feeling developed between the two factions, that an appeal to arms became inevitable.
In the month of June 1880, President Avellaneda and his ministers left Buenos Aires, and this act was considered by the porteño leaders equivalent to a declaration of war. The national government and the twelve provinces Appeal to Arms. forming the Córdoba League, were ranged on one side; the city and province of Buenos Aires and the province of Corrientes on the other. The national troops were well armed with Remington rifles, provided with abundant ammunition, equipped with artillery and supported by the fleet. In the city and province of Buenos Aires, plenty of volunteers offered their services, and an army of some twenty-five thousand men was quickly raised, but they were armed with old-fashioned weapons and there was only a limited supply of ammunition. Feverish attempts were made to remedy the lack of warlike stores, but difficulty was experienced on account of the fleet blockading the entrance to the river. After several skirmishes, the national army commanded by General Roca, containing many troops seasoned in Indian campaigns, assaulted the porteños posted Fall of Buenos Aires. before Buenos Aires, and after two days’ hard fighting (20th and 21st July) forced its way into the town. On 23rd July the surrender of the city was demanded and obtained. The terms of the surrender were that all the leaders of the revolution should be removed from positions of authority, all government employees implicated in the movement dismissed, and the force in the province and city of Buenos Aires at once disarmed and disbanded. The power of Buenos Aires was thus completely broken and at the mercy of the Córdoba League. The porteños were no longer in a position to nominate a candidate in opposition to General Julio Roca, who was duly elected. He assumed office in October 1880.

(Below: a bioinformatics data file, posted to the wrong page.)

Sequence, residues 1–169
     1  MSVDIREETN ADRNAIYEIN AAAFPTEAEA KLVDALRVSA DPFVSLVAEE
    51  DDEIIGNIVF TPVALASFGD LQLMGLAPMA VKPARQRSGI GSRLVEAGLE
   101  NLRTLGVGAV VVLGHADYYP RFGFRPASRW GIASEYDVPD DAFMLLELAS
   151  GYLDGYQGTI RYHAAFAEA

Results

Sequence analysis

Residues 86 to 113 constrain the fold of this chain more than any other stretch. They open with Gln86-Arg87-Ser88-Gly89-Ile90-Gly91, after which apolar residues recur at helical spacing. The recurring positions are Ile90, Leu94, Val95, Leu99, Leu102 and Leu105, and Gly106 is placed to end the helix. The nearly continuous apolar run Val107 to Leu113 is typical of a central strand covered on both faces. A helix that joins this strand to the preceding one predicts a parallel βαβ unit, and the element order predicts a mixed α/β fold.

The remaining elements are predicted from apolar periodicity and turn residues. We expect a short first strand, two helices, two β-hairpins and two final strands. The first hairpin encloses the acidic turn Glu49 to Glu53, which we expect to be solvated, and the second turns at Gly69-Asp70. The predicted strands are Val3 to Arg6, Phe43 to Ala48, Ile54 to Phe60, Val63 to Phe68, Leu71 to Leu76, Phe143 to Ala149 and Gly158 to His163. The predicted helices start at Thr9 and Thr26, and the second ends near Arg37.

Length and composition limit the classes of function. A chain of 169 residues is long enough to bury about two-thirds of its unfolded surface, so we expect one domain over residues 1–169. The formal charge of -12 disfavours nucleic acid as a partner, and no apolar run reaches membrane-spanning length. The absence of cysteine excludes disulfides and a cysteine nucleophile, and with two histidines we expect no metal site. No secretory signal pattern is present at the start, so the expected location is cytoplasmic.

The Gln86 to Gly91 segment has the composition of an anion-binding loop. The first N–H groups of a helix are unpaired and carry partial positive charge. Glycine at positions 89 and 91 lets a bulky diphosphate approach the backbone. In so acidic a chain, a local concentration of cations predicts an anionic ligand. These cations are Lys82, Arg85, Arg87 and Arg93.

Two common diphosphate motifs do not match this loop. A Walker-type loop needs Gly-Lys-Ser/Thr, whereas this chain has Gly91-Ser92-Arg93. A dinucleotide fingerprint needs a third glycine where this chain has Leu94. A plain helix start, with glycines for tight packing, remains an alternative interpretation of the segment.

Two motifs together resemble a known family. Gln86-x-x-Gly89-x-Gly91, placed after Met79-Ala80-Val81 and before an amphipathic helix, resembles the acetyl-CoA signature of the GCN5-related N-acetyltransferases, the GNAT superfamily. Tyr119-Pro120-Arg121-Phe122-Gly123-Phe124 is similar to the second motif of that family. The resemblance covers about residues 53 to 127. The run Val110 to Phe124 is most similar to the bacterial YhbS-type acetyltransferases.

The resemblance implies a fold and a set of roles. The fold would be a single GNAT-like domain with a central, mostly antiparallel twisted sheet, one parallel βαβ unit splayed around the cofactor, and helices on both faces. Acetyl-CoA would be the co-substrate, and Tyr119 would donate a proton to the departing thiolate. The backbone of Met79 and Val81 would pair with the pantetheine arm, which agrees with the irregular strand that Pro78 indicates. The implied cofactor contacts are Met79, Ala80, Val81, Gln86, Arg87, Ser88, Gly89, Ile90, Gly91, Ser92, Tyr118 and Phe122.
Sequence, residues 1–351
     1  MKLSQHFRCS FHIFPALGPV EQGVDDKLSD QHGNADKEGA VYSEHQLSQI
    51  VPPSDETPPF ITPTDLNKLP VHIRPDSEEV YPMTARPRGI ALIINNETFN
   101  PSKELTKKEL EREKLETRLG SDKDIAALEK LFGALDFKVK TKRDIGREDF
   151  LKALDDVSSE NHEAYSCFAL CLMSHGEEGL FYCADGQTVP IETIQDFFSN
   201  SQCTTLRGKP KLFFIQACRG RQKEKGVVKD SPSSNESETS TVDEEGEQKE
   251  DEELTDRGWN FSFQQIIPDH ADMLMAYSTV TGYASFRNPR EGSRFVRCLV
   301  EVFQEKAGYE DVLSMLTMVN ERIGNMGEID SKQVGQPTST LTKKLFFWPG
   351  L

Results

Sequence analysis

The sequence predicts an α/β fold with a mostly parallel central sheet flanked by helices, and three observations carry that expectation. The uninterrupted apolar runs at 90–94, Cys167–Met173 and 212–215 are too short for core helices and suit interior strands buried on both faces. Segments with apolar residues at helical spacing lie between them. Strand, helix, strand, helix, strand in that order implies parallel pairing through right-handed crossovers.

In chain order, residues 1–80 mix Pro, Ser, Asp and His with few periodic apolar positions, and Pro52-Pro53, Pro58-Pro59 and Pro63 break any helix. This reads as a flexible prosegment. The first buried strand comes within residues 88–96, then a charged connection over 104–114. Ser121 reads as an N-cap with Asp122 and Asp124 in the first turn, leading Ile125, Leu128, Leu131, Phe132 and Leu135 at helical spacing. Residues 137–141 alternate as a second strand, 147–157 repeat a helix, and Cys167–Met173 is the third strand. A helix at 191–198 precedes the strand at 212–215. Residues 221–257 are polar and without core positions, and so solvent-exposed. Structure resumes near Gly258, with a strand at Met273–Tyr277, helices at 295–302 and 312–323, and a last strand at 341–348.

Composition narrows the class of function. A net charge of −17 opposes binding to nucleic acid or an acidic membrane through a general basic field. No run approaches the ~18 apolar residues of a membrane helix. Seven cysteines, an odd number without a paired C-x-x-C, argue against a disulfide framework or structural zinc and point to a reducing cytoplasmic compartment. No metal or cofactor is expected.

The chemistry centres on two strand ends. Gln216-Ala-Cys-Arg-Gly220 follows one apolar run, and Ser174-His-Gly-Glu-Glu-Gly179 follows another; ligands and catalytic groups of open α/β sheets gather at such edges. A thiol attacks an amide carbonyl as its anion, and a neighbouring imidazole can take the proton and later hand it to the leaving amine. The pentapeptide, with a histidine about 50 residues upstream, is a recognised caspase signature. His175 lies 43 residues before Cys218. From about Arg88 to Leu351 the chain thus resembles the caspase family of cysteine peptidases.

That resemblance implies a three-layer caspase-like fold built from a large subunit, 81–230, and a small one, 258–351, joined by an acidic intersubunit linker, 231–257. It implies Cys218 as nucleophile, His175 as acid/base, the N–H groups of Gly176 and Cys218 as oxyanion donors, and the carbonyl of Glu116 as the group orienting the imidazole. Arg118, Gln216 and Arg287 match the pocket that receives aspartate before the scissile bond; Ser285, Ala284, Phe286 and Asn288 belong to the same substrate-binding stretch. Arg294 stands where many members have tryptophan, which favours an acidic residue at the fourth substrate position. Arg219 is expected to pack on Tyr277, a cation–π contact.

Hitherto General Roca had been regarded only in his capacity as a soldier, and not from the point of view of an administrator. In the campaigns against the Indians in the south-west of the province of Buenos Aires and the valley of Roca president. the Rio Negro he had gained much prestige; the victory over Buenos Aires added to his fame, and secured his authority in the outlying provincial centres. One of the first notable acts of the Roca administration was to declare the city of Buenos Aires the property of the national government. This separation of the city from the province, and its federalization had been one of the chief aims of the Córdoba League, and was the natural consequence of the crushing defeat inflicted on the porteños. As a sequel to this step, in 1884 the town of La Plata was declared to be the capital of the province of Buenos Aires, and the provincial administration was moved to that place. This federalization of the capital has proved to be a most important factor in binding together the different parts of the confederation, and in promoting the evolution of an Argentine nation out of a loosely cemented union of a number of semi-independent states.